See O.C.G.A. § 19-9-61 (a).

In most cases, Georgia and only Georgia will have jurisdiction to decide who gets to keep the child if Georgia is the child’s native state.

Domestication of Foreign Judgements

Domestication of Foreign Judgements refers to transferring the jurisdiction of one state to another. In most cases, domesticating the child support order in the new state where the obliged party has relocated is a good option. Any collection efforts and requests could be substantially expedited by it since it will not be editable in the new state. The optimum course of action is to domesticate the judgment to an obliged party’s state if both parties relocate from the originating state.

What is the process to domesticate an order?

To domesticate an order, the petitioner or complaint will have to first file a petition to file a domestication with the court. To file the petition, obtaining a certified copy of the Child Custody Order and Final Judgment and Decree of Divorce is necessary. The obligated party must receive notice in a format recognized by the new state following the filing of an action in the new state seeking domestication of the judgment. More documents may be required as the process proceeds.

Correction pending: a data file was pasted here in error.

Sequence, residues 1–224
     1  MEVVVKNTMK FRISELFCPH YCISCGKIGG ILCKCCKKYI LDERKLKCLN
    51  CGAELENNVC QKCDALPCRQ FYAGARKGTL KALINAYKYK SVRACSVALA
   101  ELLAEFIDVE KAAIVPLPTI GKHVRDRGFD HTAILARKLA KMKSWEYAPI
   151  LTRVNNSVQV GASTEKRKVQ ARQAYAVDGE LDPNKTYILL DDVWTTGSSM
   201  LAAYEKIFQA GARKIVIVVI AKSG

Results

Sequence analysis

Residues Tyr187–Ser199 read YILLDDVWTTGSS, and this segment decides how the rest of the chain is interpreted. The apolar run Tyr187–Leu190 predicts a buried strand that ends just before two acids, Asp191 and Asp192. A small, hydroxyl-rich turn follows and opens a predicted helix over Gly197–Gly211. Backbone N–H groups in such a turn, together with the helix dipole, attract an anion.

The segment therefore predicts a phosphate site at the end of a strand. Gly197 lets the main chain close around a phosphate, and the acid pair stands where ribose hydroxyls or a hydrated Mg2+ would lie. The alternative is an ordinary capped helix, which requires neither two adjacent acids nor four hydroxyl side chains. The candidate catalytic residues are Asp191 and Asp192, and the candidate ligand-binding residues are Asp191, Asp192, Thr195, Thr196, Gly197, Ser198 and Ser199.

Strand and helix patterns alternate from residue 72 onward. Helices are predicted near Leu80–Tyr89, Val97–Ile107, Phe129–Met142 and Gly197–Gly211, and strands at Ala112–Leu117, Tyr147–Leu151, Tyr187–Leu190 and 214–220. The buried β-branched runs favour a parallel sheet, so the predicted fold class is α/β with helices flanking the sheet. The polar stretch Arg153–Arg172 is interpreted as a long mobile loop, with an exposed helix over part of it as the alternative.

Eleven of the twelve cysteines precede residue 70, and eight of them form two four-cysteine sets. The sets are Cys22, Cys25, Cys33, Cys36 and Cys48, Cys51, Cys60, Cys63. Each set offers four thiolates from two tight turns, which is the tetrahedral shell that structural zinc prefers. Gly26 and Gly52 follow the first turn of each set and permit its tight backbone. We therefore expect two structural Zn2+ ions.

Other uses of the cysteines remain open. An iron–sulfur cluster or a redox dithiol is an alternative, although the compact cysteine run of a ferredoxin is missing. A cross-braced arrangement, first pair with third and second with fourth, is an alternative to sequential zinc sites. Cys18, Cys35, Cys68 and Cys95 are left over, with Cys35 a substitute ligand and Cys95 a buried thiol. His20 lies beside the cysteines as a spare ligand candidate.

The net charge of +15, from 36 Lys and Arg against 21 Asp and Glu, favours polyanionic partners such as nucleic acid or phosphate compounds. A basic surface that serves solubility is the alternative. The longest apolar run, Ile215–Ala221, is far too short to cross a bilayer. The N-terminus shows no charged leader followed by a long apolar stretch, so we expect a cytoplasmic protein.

In Georgia, we typically demand personal service to guarantee that the requirements of due process are met. Personal service occurs when a sheriff’s deputy or special process server hands the Defendant a copy of the summons and complaint. The sheriff’s deputy then submits proof of service with the clerk of court completing the service. The Defendant will then have thirty (30) days to respond and argue why, in this case, child support should not be moved or domesticated. You will most likely have to request a hearing from the court to finalize an order.

Once the domestication of foreign judgment is approved, you will then have to file a petition to edit the child custody order with the court. This will have to be approved by the new state’s court.

This article is written below for informational purposes, and provides a brief understanding about the Domestication of Foreign Judgements regarding child support.  As always, it is you are advised to consult with a local and experienced divorce and family law attorney. Call us today at 470-947-2471 to speak with one of our experienced and caring attorneys.  Contact >>